China’s latest crackdown on bitcoin will likely shut down the local industry around the digital currency for good, several analysts said.
“I see the crackdown on bitcoin as part of this larger multi-agency program to reduce financial sector risk, which will unfold over months and probably years,” said Jim Stent, author of “China’s Banking Transformation.” “I do not see risk reduction as something temporary prior to the [Communist Party Congress], nor do I see the bitcoin crackdown as temporary.”
The 19th National Congress of the Communist Party of China is scheduled for October 18, and Beijing typically tightens its scrutiny on sensitive areas such as access to Google. However, most analysts who spoke with CNBC said authorities’ latest moves on cryptocurrencies reflect Chinese President Xi Jinping’s long-term efforts to reduce speculation in financial markets.
On September 4, the People’s Bank of China announced a ban on digital token fundraisers called initial coin offerings. Then last week, several major Chinese bitcoin exchanges including BTC China announced they would end trading by the end of the month amid reports Chinese regulators planned to shut down the exchanges.
The news sent bitcoin tumbling 41 percent from a record high above $5,000 at the beginning of September to a low of $2,951 Friday, according to CoinDesk. The digital currency recovered to trade around $3,884 Tuesday and has still quadrupled in value for the year.
Bitcoin one-month performance
The Chinese crackdown on bitcoin is “much more massive” than any regulatory action in the past, including on shadow banking, said Martin Chorzempa, research fellow at the Peterson Institute for International Economics.
His view on the clampdown has turned grimmer in the last few days. On Friday he published an article on the Peterson Institute’s website that said the clampdown “should be temporary,” but given the latest news reports, Chorzempa told CNBC Tuesday that he would “potentially revise” his expectations.
On Monday, local newspaper The Beijing News reported, citing sources familiar with the matter, that the heads and top executives of bitcoin exchanges must stay in Beijing to comply with an investigation and are not allowed to leave the city.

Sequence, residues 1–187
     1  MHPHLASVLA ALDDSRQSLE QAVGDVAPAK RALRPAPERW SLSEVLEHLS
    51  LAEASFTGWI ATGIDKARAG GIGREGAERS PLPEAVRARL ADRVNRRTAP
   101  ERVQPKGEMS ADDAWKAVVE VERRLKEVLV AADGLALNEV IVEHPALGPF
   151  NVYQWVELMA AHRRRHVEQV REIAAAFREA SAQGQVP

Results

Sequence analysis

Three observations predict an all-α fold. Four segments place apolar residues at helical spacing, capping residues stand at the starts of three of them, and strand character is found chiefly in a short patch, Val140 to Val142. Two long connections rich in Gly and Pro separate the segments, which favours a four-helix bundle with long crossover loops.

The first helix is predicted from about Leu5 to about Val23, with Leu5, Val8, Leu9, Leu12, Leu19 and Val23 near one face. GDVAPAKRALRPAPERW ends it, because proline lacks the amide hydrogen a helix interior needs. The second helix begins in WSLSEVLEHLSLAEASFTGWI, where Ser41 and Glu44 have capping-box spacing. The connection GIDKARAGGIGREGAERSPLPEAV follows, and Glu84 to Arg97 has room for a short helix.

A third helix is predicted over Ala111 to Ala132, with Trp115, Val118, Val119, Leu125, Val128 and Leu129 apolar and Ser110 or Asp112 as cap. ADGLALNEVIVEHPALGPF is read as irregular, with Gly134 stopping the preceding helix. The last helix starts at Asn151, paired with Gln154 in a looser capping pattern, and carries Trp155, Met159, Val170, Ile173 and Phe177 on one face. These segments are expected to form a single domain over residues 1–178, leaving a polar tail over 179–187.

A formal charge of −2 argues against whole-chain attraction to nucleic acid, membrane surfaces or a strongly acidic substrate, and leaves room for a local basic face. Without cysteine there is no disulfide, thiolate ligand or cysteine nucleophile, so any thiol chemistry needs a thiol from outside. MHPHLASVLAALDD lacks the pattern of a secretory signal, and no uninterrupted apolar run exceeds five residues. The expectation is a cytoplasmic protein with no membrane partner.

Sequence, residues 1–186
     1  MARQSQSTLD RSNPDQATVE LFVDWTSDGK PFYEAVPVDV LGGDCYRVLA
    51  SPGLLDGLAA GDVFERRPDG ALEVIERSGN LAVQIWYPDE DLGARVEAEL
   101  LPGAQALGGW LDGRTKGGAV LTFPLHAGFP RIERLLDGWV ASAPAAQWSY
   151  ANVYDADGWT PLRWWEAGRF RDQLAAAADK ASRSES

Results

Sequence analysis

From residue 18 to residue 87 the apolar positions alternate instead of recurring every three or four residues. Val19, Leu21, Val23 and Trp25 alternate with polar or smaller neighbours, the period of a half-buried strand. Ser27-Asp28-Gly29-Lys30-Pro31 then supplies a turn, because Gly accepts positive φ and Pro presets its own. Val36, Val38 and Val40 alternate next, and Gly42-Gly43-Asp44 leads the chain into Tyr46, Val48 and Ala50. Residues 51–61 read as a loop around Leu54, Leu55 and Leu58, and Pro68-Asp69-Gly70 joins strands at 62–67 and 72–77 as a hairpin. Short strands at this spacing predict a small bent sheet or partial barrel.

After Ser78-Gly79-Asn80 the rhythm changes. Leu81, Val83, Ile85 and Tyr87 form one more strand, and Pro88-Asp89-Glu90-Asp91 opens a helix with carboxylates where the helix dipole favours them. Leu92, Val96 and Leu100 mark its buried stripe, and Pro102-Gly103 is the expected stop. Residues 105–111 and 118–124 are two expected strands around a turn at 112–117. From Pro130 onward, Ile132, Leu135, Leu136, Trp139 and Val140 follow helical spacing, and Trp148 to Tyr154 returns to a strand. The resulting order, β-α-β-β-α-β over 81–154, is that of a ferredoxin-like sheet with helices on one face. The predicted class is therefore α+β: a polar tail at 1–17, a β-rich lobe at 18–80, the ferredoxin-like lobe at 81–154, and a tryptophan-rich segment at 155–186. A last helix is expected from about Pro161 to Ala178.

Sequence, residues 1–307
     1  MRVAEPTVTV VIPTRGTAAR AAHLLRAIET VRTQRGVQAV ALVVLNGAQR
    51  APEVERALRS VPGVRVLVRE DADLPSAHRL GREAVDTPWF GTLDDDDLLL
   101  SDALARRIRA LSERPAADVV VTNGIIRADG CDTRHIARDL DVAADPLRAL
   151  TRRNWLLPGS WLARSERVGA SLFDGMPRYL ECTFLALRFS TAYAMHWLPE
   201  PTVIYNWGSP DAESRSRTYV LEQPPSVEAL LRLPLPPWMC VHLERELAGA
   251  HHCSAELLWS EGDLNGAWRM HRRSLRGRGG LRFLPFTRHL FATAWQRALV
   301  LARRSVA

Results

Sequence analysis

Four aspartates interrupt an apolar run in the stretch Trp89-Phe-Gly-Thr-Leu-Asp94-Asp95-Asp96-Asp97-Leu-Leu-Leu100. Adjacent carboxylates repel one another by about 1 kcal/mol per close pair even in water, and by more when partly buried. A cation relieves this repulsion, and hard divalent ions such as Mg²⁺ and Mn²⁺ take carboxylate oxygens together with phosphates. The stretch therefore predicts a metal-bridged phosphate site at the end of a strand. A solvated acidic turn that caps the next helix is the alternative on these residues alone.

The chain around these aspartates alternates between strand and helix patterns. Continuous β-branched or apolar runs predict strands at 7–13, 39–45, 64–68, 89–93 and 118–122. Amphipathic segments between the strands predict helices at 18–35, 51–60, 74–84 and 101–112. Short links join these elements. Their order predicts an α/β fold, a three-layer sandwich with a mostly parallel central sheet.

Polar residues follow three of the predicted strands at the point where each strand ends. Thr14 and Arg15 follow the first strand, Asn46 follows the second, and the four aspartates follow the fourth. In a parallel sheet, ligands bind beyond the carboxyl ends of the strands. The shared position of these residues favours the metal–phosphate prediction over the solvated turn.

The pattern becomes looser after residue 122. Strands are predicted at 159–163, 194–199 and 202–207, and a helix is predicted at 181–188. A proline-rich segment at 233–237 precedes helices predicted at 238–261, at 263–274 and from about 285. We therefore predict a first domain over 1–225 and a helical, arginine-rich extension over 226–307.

The Wall Street Journal on Monday also reported, citing sources familiar with the matter, that Chinese regulators are planning a “broad clampdown” on bitcoin trading.
“My sense is they will eventually move to shut down the bitcoin mining operations,” Paul Triolo, practice head, geo-technology, at Eurasia Group, said. China dominates the bitcoin mining industry, which some estimate is worth billions of dollars.
The People’s Bank of China did not respond to an emailed request for comment early Wednesday morning Beijing time.
Chinese authorities have scrutinized bitcoin in the past.
In 2013, the People’s Bank of China banned the country’s banks from using bitcoin. Early this year, the central bank launched a probe into local bitcoin exchanges.
“Fundamentally it all comes back to control, and right now the party’s all about control, especially around the 19th” Communist Party Congress, said Bill Bishop, head of The Sinocism China Newsletter.
“If it’s a real policy it’s probably good for bitcoin because it removes the Chinese risk factor, same like the fork,” Bishop said, referring to bitcoin’s rally in August after an uneventful split into bitcoin and bitcoin cash.
Global bitcoin trade volume by currency
That said, Chinese authorities will not likely be able to easily stamp out a globally traded digital asset.
“I think that the crackdown won’t shut over-the-counter trading completely, though it will make it less convenient. Discussions of OTC trades are now moving to encrypted channels like Telegram to ensure the privacy of the parties. Because Telegram is blocked in China it requires VPNs to access, and not all traders here are familiar with the technology,” Denis Suslov, China-based blockchain consultant.
Like many financial institutions, the People’s Bank of China has publicly signaled support for the blockchain technology behind bitcoin.
“Behind the scenes the PBOC has been keeping very close track of the development of bitcoin,” Triolo said. Now “the cyrptocurrency problem has gotten exponentially more difficult for them to get their head around and regulate.”
“Definitely bitcoin and cryptocurrencies’ free [reign] is over. But the issue of how this will affect the blockchain industry is still unknown,” he said. “China doesn’t want to be left out of that. They’ll probably still end up allowing some parts of blockchain to survive. The financial piece of bitcoin and the blockchain industry is what they’re after.”